“It was spread extremely easily,” added Jan Koegler, an emergency preparedness manager with the department. “Almost despite all efforts, it still continued to spread in the facility. And I would say those facility administrators just worked so hard.”

There are 14 skilled nursing facilities and more than 120 assisted-living facilities in Santa Barbara County, Koegler said.

“We tried to do our best in a situation that is very difficult to control some of these outbreaks,” she said.

Countywide, at least 479 residents and 450 workers at skilled nursing facilities have tested positive for the coronavirus since the pandemic emerged locally.

The county defines an outbreak as one confirmed COVID-19 case reported at a skilled nursing home or assisted-living community, Koegler said.

That threshold is low — other businesses don’t have to report outbreaks unless there are three or more positive cases — because of the high risk involved, according to public health officials.

Regular coronavirus testing — weekly, or more or less often depending on the level of community transmission — is also required for staff at skilled nursing and other congregate-care facilities.

Routine testing is no longer required for fully vaccinated staff members, unless there is an outbreak at the site, according to public health officials.

Outbreaks end — and are “cleared” — after response test results come back negative for two weeks in residents and workers.

Fatal Outbreaks at 24 Congregate Facilities

Twenty-four congregate facilities have reported fatal outbreaks, including residential care facilities for the elderly, independent living facilities, the Lompoc federal prison complex, the Santa Barbara County Main Jail, H-2A housing for agricultural workers, and a supportive housing development.

Most of these fatal outbreaks happened in the summer and the winter months, when positive cases were surging in the community and throughout the state.

The Public Health Department started specifically identifying COVID-19 deaths connected to congregate facility outbreaks in June 2020.

Officials do not name the facilities, with the exception of the Country Oaks Care Center in Santa Maria, which was the first skilled nursing facility to have a fatal outbreak.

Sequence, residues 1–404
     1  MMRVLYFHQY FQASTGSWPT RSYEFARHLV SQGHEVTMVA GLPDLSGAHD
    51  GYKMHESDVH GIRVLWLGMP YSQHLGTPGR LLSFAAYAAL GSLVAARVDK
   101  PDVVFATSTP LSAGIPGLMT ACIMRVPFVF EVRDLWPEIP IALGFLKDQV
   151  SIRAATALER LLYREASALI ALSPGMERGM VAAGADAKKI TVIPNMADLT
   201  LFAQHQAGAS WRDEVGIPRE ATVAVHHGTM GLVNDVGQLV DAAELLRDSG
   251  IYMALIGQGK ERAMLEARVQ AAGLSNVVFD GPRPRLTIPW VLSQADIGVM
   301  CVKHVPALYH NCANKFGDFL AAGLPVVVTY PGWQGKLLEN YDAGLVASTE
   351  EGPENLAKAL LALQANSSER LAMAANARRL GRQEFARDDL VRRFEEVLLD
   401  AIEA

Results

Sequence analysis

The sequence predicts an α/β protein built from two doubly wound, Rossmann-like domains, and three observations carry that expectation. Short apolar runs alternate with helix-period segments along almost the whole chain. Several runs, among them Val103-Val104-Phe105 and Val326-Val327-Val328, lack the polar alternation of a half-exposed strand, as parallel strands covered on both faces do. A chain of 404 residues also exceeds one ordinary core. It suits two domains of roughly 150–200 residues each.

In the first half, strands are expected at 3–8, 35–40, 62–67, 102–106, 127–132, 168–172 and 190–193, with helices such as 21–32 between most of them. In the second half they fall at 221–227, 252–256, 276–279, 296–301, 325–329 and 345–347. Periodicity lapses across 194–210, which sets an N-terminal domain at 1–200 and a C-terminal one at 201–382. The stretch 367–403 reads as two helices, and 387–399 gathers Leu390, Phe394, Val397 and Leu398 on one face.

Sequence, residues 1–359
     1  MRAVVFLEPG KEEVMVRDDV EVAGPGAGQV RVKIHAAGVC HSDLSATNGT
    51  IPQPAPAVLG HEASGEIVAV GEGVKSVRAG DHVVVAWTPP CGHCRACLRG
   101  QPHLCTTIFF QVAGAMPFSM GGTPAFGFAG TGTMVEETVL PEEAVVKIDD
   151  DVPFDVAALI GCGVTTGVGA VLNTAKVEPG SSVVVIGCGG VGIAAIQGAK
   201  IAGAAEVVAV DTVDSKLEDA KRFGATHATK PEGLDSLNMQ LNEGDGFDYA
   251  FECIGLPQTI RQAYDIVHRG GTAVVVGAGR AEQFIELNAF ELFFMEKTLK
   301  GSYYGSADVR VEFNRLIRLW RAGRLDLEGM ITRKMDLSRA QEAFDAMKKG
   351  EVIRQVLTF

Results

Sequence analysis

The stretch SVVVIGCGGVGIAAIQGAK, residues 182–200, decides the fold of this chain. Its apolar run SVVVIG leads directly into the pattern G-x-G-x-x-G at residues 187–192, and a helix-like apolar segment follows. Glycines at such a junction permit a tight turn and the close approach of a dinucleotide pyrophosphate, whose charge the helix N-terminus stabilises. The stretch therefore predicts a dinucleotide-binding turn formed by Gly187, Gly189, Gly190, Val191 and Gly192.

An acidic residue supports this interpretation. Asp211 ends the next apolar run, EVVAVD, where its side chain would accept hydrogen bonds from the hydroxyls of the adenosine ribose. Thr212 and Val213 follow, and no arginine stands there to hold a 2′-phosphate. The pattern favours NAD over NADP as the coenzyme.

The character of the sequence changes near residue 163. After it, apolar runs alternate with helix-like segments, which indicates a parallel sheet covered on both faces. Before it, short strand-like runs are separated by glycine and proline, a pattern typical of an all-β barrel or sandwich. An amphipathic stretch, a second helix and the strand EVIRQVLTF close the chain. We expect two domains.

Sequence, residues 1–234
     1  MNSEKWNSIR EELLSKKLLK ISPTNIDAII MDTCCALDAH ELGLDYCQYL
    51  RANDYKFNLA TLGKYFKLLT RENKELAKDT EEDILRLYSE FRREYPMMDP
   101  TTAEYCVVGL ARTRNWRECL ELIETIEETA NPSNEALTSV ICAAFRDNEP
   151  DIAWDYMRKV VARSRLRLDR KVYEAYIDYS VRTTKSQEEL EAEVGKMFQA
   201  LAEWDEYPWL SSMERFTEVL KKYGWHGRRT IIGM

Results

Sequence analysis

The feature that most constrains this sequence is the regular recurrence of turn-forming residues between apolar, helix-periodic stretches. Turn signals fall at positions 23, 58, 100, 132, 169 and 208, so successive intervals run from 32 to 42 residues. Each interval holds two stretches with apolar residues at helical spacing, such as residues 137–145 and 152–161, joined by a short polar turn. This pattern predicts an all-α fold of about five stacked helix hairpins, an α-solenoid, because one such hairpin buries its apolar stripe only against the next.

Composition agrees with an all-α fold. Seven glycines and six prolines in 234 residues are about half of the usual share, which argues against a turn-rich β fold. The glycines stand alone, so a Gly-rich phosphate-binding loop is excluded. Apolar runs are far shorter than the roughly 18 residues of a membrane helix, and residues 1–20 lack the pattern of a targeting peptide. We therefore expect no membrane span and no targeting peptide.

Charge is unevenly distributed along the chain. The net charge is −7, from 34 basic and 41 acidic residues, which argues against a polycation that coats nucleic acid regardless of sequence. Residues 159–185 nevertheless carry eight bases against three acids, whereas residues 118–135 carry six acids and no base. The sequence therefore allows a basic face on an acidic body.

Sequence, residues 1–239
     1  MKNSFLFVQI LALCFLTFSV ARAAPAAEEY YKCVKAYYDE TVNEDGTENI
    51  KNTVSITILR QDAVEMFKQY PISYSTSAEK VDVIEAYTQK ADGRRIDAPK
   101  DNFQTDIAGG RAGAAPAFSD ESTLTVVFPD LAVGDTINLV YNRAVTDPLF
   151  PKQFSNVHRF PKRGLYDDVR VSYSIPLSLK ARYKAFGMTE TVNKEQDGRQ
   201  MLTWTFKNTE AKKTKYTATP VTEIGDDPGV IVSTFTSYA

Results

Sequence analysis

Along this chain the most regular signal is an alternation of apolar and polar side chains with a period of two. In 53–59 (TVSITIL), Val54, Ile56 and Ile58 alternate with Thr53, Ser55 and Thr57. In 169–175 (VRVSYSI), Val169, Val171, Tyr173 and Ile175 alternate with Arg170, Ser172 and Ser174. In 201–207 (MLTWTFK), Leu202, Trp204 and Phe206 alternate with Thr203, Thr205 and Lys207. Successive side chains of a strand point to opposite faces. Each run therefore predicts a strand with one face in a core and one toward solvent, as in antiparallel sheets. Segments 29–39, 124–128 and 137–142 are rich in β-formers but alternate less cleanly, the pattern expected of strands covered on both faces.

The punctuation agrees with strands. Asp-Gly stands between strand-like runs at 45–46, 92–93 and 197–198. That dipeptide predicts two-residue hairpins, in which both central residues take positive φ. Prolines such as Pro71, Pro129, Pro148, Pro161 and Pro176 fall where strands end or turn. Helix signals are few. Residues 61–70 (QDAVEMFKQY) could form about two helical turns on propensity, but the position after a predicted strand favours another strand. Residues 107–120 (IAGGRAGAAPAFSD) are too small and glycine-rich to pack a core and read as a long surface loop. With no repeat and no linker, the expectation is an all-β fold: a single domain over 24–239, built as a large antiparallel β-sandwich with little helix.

Country Oaks, at 830 E. Chapel St. off North College Drive, had the country’s deadliest coronavirus outbreak in June and July, with 12 resident deaths reported.

A second fatal outbreak was reported in mid-December, according to county records obtained by Noozhawk, and 14 total resident deaths were reported for the facility.

Country Oaks Care Center management did not respond to Noozhawk requests for comment on this story.

Dramatic Drop in Cases, Deaths After Vaccination Efforts

New coronavirus cases and COVID-19-related deaths in congregate facilities have dramatically declined since vaccinations began and community transmission decreased countywide.

Vaccination efforts prioritized staff and residents of skilled nursing facilities and assisted-living facilities, and many of them got access in January and February.

The Public Health Department has not reported a positive case among a skilled nursing facility resident since Feb. 22, according to state data.

It’s a different situation for skilled nursing facility staff members, who were initially less likely than residents to say yes to vaccination.

Positive cases among workers are still reported occasionally, according to daily tracking by the county and state public health departments.

— Noozhawk staff writer Brooke Holland reported this story while participating in the USC Annenberg Center for Health Journalism’s 2020 Data Fellowship. She can be reached at Follow Noozhawk on Twitter: @noozhawk@NoozhawkNews and @NoozhawkBiz. Connect with Noozhawk on Facebook.

[This story was originally published by Noozhawk.]